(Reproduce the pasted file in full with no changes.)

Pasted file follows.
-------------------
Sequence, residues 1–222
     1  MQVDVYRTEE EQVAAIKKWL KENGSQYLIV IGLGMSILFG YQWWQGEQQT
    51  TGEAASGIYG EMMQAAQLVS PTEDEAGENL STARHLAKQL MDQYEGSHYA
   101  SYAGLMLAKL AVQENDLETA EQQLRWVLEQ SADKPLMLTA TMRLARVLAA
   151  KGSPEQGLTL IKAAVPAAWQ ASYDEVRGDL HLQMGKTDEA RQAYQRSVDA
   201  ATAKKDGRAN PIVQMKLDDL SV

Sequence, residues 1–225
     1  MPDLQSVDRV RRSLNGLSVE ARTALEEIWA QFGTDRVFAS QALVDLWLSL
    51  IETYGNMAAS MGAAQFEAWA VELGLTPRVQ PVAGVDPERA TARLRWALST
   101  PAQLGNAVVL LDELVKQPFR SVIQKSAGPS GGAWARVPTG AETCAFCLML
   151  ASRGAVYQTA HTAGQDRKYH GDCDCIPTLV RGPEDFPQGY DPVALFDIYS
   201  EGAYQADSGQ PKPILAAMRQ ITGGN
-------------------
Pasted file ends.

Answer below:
Sequence, residues 1–222
     1  MQVDVYRTEE EQVAAIKKWL KENGSQYLIV IGLGMSILFG YQWWQGEQQT
    51  TGEAASGIYG EMMQAAQLVS PTEDEAGENL STARHLAKQL MDQYEGSHYA
   101  SYAGLMLAKL AVQENDLETA EQQLRWVLEQ SADKPLMLTA TMRLARVLAA
   151  KGSPEQGLTL IKAAVPAAWQ ASYDEVRGDL HLQMGKTDEA RQAYQRSVDA
   201  ATAKKDGRAN PIVQMKLDDL SV

Sequence, residues 1–225
     1  MPDLQSVDRV RRSLNGLSVE ARTALEEIWA QFGTDRVFAS QALVDLWLSL
    51  IETYGNMAAS MGAAQFEAWA VELGLTPRVQ PVAGVDPERA TARLRWALST
   101  PAQLGNAVVL LDELVKQPFR SVIQKSAGPS GGAWARVPTG AETCAFCLML
   151  ASRGAVYQTA HTAGQDRKYH GDCDCIPTLV RGPEDFPQGY DPVALFDIYS
   201  EGAYQADSGQ PKPILAAMRQ ITGGN